UGANDA, Buyende | Real Muloodi News | The Minister of Energy and Mineral Development, Ruth Nankabirwa has warned Buyende District residents against selling their land to speculators looking to take advantage of the upcoming nuclear energy power plant project worth USh34 trillion, which is set to be completed in 2031.
On Thursday 9th March 2023, Nankabirwa said, “I want to call upon our people of Buyende not to rush to sell their land to speculators who would lure you with huge sums of money expecting to get a lot more as compensation from the government. Remain with your land and government valuers will be used as usual, and the rightful owners shall be compensated.”
Background on the Nuclear Power Project
The International Atomic Energy Agency (IAEA) endorsed Uganda’s nuclear energy power plant development in December 2021 after a successful review of the country’s nuclear infrastructure.
Buyende was identified as one of eight sites for the construction of a 2,000 MW Nuclear Power Project for introducing nuclear power to Uganda’s electricity generation mix.
Nakasongola and Lamwo districts are among other potential sites for subsequent nuclear power projects for energy security and industrialisation.
The Project’s Land Requirements
The project will require an estimated one square mile of land for the power plant and an additional 34 square miles to be gazetted as an emergency zone for the population’s safety, according to Emmanuel Wamala, the Assistant Commissioner of Nuclear Fuel and Radioactive Waste in the ministry.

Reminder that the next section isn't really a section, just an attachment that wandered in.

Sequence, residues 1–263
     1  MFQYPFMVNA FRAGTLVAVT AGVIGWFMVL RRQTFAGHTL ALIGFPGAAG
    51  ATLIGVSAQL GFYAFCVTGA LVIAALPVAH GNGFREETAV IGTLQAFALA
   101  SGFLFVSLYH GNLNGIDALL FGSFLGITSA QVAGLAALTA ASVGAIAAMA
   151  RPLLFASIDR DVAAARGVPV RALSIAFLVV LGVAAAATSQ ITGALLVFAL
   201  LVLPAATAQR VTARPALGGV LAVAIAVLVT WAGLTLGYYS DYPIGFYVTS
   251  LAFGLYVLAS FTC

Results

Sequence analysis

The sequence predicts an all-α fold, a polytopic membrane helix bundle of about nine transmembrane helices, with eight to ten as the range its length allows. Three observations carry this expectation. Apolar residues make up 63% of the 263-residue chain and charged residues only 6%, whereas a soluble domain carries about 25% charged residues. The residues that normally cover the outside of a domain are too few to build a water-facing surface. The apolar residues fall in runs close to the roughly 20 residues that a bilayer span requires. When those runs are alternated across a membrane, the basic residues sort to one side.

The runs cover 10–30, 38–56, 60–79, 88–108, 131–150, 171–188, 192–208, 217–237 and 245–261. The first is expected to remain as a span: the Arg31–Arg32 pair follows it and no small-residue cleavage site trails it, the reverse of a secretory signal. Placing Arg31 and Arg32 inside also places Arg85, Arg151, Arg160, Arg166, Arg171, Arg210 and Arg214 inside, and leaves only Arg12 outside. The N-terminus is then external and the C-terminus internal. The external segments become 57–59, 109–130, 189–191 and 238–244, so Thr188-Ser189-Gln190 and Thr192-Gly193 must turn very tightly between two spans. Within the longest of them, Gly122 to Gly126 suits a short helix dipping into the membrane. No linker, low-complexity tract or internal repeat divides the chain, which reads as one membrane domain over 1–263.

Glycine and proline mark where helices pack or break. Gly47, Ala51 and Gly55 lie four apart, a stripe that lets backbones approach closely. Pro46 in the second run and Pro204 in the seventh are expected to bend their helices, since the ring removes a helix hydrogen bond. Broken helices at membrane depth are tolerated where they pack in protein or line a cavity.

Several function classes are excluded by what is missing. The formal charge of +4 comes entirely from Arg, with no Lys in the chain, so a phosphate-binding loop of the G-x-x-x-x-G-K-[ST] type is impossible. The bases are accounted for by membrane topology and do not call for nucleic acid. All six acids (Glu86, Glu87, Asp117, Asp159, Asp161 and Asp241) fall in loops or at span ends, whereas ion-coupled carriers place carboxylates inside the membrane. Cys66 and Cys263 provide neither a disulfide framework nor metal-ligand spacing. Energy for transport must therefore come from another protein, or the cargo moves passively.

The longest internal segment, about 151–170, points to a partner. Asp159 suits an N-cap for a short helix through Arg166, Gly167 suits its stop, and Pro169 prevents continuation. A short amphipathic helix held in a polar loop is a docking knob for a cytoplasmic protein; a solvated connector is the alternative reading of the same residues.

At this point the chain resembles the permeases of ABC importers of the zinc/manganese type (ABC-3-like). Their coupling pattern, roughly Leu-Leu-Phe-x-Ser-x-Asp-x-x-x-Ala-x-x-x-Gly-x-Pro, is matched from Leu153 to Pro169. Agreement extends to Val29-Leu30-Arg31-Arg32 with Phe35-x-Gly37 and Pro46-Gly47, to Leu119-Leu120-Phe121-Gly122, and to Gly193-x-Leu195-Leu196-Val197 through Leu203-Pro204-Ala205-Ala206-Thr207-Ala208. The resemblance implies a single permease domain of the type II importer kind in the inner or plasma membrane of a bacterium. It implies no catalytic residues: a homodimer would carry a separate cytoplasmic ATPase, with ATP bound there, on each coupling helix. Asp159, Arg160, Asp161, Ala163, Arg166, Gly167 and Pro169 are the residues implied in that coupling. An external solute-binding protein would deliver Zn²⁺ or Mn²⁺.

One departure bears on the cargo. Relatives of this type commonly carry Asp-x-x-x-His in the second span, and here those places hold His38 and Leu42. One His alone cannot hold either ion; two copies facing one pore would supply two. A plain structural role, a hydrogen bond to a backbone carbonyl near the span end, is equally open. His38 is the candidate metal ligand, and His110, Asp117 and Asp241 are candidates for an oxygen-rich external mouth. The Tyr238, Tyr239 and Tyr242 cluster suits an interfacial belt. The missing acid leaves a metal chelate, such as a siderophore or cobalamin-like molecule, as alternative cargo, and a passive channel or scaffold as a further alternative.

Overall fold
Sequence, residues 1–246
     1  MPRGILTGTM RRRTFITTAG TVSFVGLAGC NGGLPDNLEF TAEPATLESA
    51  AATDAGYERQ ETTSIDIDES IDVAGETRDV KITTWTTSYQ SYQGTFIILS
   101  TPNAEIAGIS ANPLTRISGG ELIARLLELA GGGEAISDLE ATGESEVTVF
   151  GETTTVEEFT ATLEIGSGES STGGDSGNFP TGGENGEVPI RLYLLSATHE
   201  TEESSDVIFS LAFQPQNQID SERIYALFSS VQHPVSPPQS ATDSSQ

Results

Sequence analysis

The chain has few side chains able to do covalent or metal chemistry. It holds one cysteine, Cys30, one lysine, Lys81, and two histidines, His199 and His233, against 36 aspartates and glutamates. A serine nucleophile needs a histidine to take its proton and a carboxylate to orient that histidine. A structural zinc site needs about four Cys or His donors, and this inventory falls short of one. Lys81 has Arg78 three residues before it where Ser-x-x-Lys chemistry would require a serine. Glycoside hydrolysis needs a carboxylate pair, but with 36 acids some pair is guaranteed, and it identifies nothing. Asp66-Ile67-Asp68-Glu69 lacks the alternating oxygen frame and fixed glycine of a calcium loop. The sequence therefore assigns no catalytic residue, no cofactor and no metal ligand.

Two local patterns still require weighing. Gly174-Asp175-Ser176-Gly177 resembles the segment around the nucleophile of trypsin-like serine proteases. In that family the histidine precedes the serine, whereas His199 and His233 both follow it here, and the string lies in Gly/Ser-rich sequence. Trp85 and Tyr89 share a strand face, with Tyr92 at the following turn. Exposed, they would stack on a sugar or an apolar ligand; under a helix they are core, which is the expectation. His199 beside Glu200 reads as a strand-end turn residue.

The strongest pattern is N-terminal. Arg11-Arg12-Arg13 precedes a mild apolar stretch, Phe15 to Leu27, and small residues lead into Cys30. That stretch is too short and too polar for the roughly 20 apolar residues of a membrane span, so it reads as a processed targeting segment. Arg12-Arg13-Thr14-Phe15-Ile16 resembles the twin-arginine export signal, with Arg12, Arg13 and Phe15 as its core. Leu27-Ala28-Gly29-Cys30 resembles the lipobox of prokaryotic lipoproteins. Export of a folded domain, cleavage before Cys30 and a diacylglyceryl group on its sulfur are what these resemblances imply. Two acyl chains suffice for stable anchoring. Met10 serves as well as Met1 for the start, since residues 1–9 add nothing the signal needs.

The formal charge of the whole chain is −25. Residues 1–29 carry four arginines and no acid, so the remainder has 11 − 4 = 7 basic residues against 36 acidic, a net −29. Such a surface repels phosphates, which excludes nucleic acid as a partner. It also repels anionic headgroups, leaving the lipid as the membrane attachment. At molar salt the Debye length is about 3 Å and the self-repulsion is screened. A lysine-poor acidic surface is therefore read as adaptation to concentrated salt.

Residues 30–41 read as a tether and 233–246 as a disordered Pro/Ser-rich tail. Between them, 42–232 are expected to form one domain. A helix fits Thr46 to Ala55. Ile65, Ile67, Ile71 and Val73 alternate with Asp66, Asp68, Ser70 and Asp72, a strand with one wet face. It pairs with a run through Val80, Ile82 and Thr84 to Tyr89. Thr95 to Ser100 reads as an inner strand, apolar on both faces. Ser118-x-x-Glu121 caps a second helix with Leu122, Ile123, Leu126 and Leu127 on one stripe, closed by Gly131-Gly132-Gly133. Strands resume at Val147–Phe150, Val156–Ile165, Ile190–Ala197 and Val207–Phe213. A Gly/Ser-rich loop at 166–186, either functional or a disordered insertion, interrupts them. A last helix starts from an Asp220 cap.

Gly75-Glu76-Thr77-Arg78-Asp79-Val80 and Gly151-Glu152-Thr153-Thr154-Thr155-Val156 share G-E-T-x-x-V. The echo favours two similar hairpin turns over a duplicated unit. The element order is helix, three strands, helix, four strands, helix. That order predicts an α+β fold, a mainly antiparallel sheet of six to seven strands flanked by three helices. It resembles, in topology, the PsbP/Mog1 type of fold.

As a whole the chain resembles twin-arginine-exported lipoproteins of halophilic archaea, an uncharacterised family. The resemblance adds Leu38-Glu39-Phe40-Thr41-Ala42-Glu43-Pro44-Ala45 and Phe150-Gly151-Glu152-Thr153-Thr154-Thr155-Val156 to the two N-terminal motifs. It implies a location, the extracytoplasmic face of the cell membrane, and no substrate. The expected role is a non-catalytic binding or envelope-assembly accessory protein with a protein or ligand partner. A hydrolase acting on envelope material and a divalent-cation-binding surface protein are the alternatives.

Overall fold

The Africa Nuclear Conference
From March 14 to 17, 2023, the Ministry of Energy and Mineral Development will host a four-day Africa nuclear conference at the Speke Resort Hotel Munyonyo.
Nankabirwa stated that the conference presents an excellent opportunity for Uganda and the African continent to find suitable approaches to the challenges in the nuclear industry.
Over 300 stakeholders from the international nuclear community are expected to attend the conference.
The conference will be held at a time when Uganda is preparing to amend the Atomic Energy Act, 2008, to strengthen the legal regime for nuclear safety, security, safeguards for nuclear material, civil nuclear liability, and maintaining the nuclear institutional framework.
Nuclear Energy as Part of Uganda’s Energy Mix
Seven Sub-Saharan African countries, including Uganda, have committed to having nuclear energy as part of their energy mix between 2030 and 2037.
Uganda is experiencing an ever-increasing population, economic growth, and rising social needs that require sustainable development of energy resources, according to Nankabirwa.
Uganda’s vision for 2040 and the subsequent national development plans to identify electricity as modern energy to shift the country from a peasantry to an industrialised and predominantly urban society will only be realised with the introduction of nuclear energy
Nankabirwa explained, “Ugandan is mixing firm steps to integrate nuclear energy into the electricity generation mix to ensure energy security and provide sufficient electricity for industrialisation. In addition, the government has identified nuclear as part of Uganda’s energy transition plan. It continues to invest in developing the requisite infrastructure, including human capital development in specialised areas to support the early development of nuclear power.”
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